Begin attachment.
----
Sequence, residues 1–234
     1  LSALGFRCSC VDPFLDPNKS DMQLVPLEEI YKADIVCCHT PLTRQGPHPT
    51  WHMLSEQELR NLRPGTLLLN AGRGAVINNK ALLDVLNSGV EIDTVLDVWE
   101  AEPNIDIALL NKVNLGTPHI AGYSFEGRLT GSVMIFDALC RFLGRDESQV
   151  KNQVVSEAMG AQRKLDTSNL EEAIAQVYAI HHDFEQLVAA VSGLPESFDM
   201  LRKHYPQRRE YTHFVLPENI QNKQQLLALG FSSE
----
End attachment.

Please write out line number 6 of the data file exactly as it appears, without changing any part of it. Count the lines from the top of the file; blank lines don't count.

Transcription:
   201  LRKHYPQRRE YTHFVLPENI QNKQQLLALG FSSE